Winter (Severe) Weather Discussion for February 15 – 17, 2008.
*Significant Severe Weather Episode for Central/Eastern Texas on Saturday*
– Active severe weather day is likely on Saturday for much of central/eastern Texas. This is a potentially dangerous situation with the possibility of strong tornadoes. Additionally, large hail and damaging winds are expected.
– Winter Storm Warning for western Oklahoma and TX/OK panhandles through Sunday morning.
– Winter Weather Advisory for central Oklahoma through northeast Oklahoma into Saturday morning.
– Flash Flood Watch for eastern Oklahoma through Sunday.
Very busy day weather wise and looks like we're just getting started.
For tonight, additional showers beginning to develop in northwest Texas as low level jet of 25-30kts develops. Area of mass convergence is noted in this region per the 21z RUC 850mb winds. Additionally, it is on the leading edge of 8C dewpoints. Activity should continue to increase and will result in freezing rain for areas that are below 32F. Warming should occur early Saturday morning and bring much of central and eastern Oklahoma above freezing. As such, the widespread precipitation on Saturday should be rain. There is potential that western Oklahoma will remain below freezing and the winter storm warning continue through Sunday for this concern.
Late Saturday temperatures should drop back below freezing as the surface low moves east of the region. Snow is likely in western and northern Oklahoma, with 4-6 inches accumulations. This is assuming that the 500mb low tracks across eastern Oklahoma as currently progged. In eastern Oklahoma widespread rain should occur much of the day on Saturday. Totals of 3-4 inches seem likely given impressive transport of moisture. I still expect some changes to the forecast for Oklahoma, but for now confidence has greatly improved.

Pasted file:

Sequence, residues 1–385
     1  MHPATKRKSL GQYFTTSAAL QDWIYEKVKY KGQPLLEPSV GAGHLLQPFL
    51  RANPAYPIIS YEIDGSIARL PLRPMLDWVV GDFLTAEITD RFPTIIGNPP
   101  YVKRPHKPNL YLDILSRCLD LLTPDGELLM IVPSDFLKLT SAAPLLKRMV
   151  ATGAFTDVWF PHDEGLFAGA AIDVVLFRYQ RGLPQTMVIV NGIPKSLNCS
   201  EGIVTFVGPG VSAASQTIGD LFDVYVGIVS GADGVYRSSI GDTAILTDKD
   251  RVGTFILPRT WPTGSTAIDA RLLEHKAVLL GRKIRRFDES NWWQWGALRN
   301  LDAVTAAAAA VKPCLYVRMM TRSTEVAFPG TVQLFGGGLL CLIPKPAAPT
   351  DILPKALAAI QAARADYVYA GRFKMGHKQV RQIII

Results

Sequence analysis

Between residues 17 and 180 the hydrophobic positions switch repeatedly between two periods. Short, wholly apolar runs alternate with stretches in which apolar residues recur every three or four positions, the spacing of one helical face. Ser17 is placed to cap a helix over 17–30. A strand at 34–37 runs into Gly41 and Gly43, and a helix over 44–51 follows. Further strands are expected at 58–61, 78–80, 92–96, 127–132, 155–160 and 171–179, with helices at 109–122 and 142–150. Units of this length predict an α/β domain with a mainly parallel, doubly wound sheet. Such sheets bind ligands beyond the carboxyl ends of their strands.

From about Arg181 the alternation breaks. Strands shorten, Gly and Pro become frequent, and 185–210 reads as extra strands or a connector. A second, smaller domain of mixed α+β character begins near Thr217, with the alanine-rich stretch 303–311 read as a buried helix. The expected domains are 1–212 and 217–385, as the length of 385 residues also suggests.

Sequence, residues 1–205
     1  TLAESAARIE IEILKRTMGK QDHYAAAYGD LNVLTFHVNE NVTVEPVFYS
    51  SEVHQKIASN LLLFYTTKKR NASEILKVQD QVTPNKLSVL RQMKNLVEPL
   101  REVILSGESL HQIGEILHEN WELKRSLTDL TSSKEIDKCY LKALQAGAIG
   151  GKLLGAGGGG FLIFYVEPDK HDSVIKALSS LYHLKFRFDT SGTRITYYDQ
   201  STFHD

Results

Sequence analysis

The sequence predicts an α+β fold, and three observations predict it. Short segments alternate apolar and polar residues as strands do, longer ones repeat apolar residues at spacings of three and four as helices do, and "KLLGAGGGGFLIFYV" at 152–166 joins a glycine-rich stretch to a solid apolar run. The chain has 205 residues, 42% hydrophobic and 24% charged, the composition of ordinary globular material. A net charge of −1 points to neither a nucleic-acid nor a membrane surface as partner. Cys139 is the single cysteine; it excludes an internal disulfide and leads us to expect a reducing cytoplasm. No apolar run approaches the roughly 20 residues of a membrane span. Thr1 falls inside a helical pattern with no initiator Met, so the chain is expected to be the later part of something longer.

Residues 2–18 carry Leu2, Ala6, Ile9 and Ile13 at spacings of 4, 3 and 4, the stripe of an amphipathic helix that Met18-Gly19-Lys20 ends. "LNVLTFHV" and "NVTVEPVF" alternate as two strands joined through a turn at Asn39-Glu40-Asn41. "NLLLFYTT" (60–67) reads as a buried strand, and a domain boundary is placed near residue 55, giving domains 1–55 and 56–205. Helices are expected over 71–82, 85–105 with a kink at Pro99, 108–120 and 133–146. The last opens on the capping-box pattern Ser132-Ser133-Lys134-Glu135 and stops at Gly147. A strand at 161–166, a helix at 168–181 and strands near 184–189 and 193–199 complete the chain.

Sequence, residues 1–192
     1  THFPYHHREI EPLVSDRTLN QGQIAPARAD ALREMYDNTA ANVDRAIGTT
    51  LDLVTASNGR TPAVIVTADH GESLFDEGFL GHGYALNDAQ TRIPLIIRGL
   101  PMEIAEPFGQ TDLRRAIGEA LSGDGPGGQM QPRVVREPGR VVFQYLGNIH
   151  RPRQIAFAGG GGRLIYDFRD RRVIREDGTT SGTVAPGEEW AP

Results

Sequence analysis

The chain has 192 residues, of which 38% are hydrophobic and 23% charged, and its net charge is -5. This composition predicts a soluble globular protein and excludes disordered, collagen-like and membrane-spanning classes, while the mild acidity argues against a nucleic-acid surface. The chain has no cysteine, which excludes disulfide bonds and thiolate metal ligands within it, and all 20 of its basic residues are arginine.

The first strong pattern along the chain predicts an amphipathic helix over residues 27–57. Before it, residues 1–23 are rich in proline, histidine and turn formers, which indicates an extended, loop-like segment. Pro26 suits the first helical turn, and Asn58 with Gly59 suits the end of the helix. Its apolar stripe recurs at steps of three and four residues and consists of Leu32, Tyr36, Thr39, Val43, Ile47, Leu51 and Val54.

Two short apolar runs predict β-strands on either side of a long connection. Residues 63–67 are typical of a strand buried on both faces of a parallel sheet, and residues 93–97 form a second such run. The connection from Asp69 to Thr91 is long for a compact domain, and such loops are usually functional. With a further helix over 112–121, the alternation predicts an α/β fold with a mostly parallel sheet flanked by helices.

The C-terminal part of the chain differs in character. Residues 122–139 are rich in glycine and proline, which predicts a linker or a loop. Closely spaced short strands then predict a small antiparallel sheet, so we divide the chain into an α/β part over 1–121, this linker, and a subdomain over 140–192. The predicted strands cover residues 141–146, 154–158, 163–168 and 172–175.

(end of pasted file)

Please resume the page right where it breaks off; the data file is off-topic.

Saturday is shaping up to be a very interesting day for the eastern half of Texas. Upper system will traverse eastward into western Texas during the day as the surface and 850mb lows strengthen. Very strong directional shear is likely with helicity values over 400m^2/s^2. The main component to monitor is early morning activity and resultant affects on afternoon temperatures. At this point, I think the ultimate instability values probably aren't a big deal and lead more to the development of discrete storms than anything. If temperatures can warm, then the development of discrete storms is more likely. These storms will have tornadic potential, some of which could be strong. As the upper system moves through northern Texas later Saturday a strongly forced squall line is expected. Due to continued directional and speed shear, embedded supcerlls are possible. SPC has a moderate risk area up for the southeast quarter of Texas with a 45% area. I think the continuation of a
moderate is likely, I'm not sure this will warrant a high risk unless skies are clear Saturday afternoon in the threat area.
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